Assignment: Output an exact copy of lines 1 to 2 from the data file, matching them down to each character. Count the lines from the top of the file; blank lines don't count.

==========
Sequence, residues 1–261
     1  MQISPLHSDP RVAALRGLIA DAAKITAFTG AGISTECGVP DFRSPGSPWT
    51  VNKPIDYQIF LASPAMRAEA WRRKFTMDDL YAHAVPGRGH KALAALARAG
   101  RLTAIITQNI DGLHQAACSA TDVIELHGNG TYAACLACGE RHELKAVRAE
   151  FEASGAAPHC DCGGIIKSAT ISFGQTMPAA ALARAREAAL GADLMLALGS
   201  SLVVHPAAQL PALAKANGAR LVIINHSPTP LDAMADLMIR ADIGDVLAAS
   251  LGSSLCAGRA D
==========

Sequence, residues 1–261
     1  MQISPLHSDP RVAALRGLIA DAAKITAFTG AGISTECGVP DFRSPGSPWT